EULA’s are a joke. Unless you are a Harvard educated contract lawyer, you have no idea what’s in the EULA and what it means.
    Did you know that if the company bricks your phone by accident, you can’t sue? Most EULA force you to arbitration, with judges and locations of their choosing. Did you know that you don’t even have to use their product to sign away your rights? Some EULA are agreed to just by opening the package.
    EULA (and DRM) threatens the very concept of “ownership”. BTW, “ownership” is a fundamental tenet of our democratic society.

    As for “open OS”, you are really naive. A great example is Linux. Linux (an open OS) is used everywhere. Banks, utilities, governments, even Apple uses Linux. Do you really think there is a huge “open front door” in Linux? Do you really believe banks would be using Linux if there were huge security holes?
    In fact Linux is more secure because it is open. Being open allows experts can examine the software, see what’s really happening. It allows experts to identify security holes and plug them. With closed OS’s, you just gotta hope the company fixes it before the bad guys exploit it. That’s even if they admit there ware any problems to begin with. You should be thanking open source software, it’s making all of us much safer.

    Let’s take a look at another example, self-driving cars. The self-driving car’s software will cause some accidents, it will happen. Some people might may even die. Now, would you rather have the engineers fix the problem AND show everyone they fixed it? Or just cross your fingers when they say they fixed the problem, but can’t show or tell you how, because the software is proprietary? Would you trust closed software from a company like Volkswagen? Once people die, you’ll be screaming for open OS’s for self-driving cars.

    These corporations are incrementally taking away your rights and you blindly click a check box to give up those rights. Wake up! Or soon, everything you buy, won’t be yours.

  • IBoy

    Again, read the article. The law that these States want is the “right to repair”. NOT the “right to hack”. You brought up the OS, not me. The law does not force companies to open their software. It enshrines the right to repair YOUR own property.This came about in part due to John Deere tractors in Nebraska. Even doing the simplest of minor repairs, like adjusting the firmness of the seat, required you to take the tractor into an authorized dealer. Is this right? Is this fair? This is what these laws are about, protecting consumer’s rights.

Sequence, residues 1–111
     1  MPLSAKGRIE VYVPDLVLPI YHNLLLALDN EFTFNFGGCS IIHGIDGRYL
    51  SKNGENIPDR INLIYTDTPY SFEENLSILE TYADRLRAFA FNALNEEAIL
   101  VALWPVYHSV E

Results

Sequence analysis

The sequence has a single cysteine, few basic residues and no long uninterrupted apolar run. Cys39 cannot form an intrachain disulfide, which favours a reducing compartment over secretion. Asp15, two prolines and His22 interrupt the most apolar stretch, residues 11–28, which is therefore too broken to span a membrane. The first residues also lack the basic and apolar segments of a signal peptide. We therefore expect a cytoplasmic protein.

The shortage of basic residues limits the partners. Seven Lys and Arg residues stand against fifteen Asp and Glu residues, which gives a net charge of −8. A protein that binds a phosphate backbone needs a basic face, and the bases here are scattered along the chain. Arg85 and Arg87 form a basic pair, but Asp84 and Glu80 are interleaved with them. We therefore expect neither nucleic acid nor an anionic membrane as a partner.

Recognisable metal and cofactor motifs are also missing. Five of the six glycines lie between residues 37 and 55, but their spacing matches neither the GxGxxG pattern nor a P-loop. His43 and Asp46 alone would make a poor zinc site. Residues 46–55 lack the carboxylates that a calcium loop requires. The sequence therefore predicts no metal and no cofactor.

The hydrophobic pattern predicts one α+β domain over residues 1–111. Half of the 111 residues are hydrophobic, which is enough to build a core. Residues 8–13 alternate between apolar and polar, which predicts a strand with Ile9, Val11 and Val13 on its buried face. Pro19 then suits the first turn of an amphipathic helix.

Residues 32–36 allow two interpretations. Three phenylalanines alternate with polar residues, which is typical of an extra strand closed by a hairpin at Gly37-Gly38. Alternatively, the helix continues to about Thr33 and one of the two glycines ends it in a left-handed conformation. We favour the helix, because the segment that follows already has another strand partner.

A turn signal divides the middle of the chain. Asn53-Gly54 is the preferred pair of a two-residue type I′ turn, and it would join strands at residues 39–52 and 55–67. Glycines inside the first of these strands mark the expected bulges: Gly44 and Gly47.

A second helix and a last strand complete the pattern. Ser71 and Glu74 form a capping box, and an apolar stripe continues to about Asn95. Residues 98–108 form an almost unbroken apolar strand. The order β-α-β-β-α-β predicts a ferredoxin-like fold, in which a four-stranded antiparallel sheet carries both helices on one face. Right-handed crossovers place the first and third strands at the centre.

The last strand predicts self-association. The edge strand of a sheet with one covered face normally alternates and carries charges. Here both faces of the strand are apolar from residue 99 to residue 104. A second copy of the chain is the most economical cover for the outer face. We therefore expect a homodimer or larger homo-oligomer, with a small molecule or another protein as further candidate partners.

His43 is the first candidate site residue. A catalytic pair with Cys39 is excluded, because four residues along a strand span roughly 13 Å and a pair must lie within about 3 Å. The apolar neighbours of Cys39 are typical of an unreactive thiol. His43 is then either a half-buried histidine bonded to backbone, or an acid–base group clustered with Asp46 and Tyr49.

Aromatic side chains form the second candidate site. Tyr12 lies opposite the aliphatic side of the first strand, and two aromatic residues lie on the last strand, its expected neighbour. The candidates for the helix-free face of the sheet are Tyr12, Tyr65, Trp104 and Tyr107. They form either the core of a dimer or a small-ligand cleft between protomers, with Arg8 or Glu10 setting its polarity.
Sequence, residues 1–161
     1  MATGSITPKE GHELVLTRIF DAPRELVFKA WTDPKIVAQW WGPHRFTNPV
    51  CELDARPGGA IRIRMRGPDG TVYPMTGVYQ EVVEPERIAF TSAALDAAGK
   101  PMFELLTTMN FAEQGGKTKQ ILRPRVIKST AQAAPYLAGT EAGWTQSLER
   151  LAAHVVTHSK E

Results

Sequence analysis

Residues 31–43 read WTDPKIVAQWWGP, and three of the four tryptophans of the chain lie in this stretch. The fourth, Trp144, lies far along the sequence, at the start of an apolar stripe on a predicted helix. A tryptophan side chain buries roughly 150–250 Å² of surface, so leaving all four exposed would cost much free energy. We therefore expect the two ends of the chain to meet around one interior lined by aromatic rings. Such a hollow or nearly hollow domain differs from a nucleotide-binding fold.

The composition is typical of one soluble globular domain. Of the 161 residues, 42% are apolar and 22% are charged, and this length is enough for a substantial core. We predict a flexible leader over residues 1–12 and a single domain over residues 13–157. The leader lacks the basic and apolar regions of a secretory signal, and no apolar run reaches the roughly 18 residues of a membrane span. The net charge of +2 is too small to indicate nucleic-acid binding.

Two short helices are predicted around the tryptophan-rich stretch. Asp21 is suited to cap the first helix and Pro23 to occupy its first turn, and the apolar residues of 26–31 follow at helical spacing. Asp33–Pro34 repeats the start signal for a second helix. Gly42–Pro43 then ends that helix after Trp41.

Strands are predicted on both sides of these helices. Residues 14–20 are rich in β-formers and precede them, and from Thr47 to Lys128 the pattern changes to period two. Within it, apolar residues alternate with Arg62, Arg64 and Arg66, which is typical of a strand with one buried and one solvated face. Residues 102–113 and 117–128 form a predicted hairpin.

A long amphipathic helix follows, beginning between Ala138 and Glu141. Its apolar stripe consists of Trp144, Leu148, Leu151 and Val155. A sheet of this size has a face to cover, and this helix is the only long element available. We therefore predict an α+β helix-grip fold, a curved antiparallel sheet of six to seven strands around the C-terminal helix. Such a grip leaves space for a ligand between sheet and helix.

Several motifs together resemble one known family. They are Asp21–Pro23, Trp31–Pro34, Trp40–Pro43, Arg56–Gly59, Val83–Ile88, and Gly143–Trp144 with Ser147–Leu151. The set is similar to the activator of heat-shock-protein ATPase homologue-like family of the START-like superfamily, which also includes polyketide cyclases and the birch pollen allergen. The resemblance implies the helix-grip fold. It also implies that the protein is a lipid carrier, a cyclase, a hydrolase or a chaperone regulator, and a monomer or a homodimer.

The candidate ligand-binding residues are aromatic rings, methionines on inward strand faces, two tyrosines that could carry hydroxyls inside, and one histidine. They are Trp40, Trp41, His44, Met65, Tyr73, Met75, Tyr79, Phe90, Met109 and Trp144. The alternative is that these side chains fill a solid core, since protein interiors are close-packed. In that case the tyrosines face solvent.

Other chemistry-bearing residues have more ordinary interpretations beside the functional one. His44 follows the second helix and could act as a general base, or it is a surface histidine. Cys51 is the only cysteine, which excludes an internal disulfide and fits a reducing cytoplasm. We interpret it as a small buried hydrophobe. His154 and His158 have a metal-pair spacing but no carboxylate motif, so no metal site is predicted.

EULA’s are a joke. Unless you are a Harvard educated contract lawyer, you have no idea what’s in the EULA and what it means. Did you know that if the company bricks your phone by accident, you can’t sue? Most EULA force you to arbitration, with judges and locations of their choosing. Did you know that you don’t even have to use their product to sign away your rights? Some EULA are agreed to just by opening the package. EULA (and DRM) threatens the very concept of “ownership”. BTW, “ownership” is a fundamental tenet of our democratic society.

    As for “open OS”, you are really naive. A great example is Linux. Linux (an open OS) is used everywhere. Banks, utilities, governments, even Apple uses Linux. Do you really think there is a huge “open front door” in Linux? Do you really believe banks would be using Linux if there were huge security holes? In fact Linux is more secure because it is open. Being open allows experts can examine the software, see what’s really happening. It allows experts to identify security holes and plug them. With closed OS’s, you just gotta hope the company fixes it before the bad guys exploit it. That’s even if they admit there ware any problems to begin with. You should be thanking open source software, it’s making us safer.

    Let’s take a look at another example, self-driving cars. The self-driving car’s software will cause some accidents, it will happen. Some people might may even die. Now, would you rather have the engineers fix the problem AND show everyone they fixed it? Or just cross your fingers when they say they fixed the problem, but can’t show or tell you how, because the software is proprietary? Would you trust closed software from a company like Volkswagen? Once people die, you’ll be screaming for open OS’s for self-driving cars.

    These corporations are incrementally taking away your rights. Wake up! Or soon, everything you buy, won’t be yours.

  • huddyrocks

    Actually the article you keep telling me to read (I did) is what brought up the OS not me. You might want to read it.
    As for EULA’s being a joke, they are actually legal binding agreements you enter into. Again, you don’t own software, you purchase a license to use it. Not sure why you’re not getting that.
    Although I appreciate the personal attacks , I won’t reply in kind. I don’t think it is either constructive or intelligent.
    Although I appreciate you believe you are right, I don’t. We could banter back and forth , Me quoting the dozens of very public times superior “open” operating systems have been breached, you coming back with another personal insult and make believe scenarios , like self driving cars killing people, of what could go wrong . We’ll have to agree to disagree I’m afraid . I’m not changing your mind, and you’re not changing mine…